by Edward Harrison, Credit Writedowns
As I wrote yesterday, government deficits are the biggest driver of elevated corporate margins. This is significant in the US given the looming fiscal cliff and the already ongoing margin mean reversion. Using the financial sectoral balances approach, it is clear that larger government deficits allow for larger non-government surplus.
The question is how those surpluses are distributed amongst the four major non-governmental sectors which are households, non-financial business, financial institutions and the external sector. Because the US is a large continental economy and the government ‘trades’ mostly with domestic economic agents, large changes in the trade balance are not part and parcel of net government dissaving. Rather, the net surpluses are mostly split amongst domestic businesses and households. And in this particular upturn, it has been non-financial business and financial institutions that have received the lion’s share of benefit from increased government deficit spending.
Nevertheless, as the Bloomberg News article below states, US margins have now stagnated for the longest period in the last three years, with S&P 500 companies seeing the first 12-month contraction since 2009. This makes sense because margins have been above their long-term average for quite some time now. The question about mean reversion of these margin has to do with a catalyst. From a micro perspective, the catalyst has been a lack of low-hanging fruit for cost-cutting to prop up margins. Having cycled through this upturn a full three years, cost pressures have risen.
From a macro, perspective, the fiscal cliff is an event of much greater importance. If deficits have been propping up corporate profits and margins. It stands to reason that cutting these deficits should be negative for profits and margins. Moreover, the S&P 500 has been trading above its cyclically adjusted P/E ratio for some time, a reason I felt earlier this year that a Europe over America relative value play made sense. But, this high CAPE is also mean-reverting, meaning that a large enough decline in deficits would potentially create the double whammy that causes bear markets, namely profit or margin decline combined with P/E ratio compression. A recession in 2013 is my base case and so I would anticipate this recession to usher in a cyclical bear market that finishes off the bottoming process that was forestalled in 2009.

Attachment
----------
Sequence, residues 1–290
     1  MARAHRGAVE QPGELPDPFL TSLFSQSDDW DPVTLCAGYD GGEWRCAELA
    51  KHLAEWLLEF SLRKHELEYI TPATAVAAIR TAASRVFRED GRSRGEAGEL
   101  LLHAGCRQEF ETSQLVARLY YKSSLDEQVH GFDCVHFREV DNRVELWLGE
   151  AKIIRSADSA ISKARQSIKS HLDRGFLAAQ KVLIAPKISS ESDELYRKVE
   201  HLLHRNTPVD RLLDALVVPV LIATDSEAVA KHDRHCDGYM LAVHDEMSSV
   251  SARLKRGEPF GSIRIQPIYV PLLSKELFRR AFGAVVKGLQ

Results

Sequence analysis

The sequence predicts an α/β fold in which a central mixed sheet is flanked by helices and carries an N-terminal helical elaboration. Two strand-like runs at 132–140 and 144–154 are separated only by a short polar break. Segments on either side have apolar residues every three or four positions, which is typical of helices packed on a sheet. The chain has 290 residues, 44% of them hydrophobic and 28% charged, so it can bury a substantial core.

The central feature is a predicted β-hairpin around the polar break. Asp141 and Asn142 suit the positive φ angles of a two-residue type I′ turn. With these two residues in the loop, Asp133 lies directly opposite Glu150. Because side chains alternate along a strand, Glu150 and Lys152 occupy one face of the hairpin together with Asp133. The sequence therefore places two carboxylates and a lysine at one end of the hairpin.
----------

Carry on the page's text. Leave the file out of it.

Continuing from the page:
If I am wrong and we can avoid recession, there is a reasonable chance that P/E margins alone could counteract margin compression. Moreover, if the fall in government deficits can be matched by an increase in capital investment, profits could be maintained (ceteris paribus). However, to date the problem in the US has been the lack of demand due to levered household balance sheets. Because of Fed policy, you can see residential property at a minimum picking up though. But, my sense is that austerity will kill demand growth and therefore cause capital investment growth to weaken. For there to be an investment offset, we would need demand not to recede. And so I believe austerity would see government sucking demand out of the economy and lower capital investment further sucking demand out, amplifying the downturn. Let’s look for clues as to where this is heading in the data that comes up going forward.
“Like Capital Economics and many other research units in the financial world, Bank of America presumes every dollar of tightening would drain the economy by about the same amount, although it says a bigger effect is possible.
“The economic impacts could be worse than our baseline assumptions,” said Michael Hanson, an economist with the bank in New York.Eichengreen and others who have studied economic data from the Great Depression, another time central banks were constrained, found the drag from a tightening of fiscal policy was much higher at the time. Eichengreen thinks currently the so-called multiplier is about 1.7, in line with the upper range of the IMF’s estimate.”
“Chief executive officers in America are finding fewer costs to cut, sending profit margins into the first 12-month contraction since 2009 and leaving investors increasingly dependent on economic growth to boost stocks.”
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About the Author
Edward Harrison is the founder of Credit Writedowns and a former career diplomat, investment banker and technology executive with over twenty years of business experience. He is also a regular economic and financial commentator on BBC World News, CNBC Television, Business News Network, CBC, Fox Television and RT Television. He speaks six languages and reads another five, skills he uses to provide a more global perspective. Edward holds an MBA in Finance from Columbia University and a BA in Economics from Dartmouth College. Edward also writes a premium financial newsletter.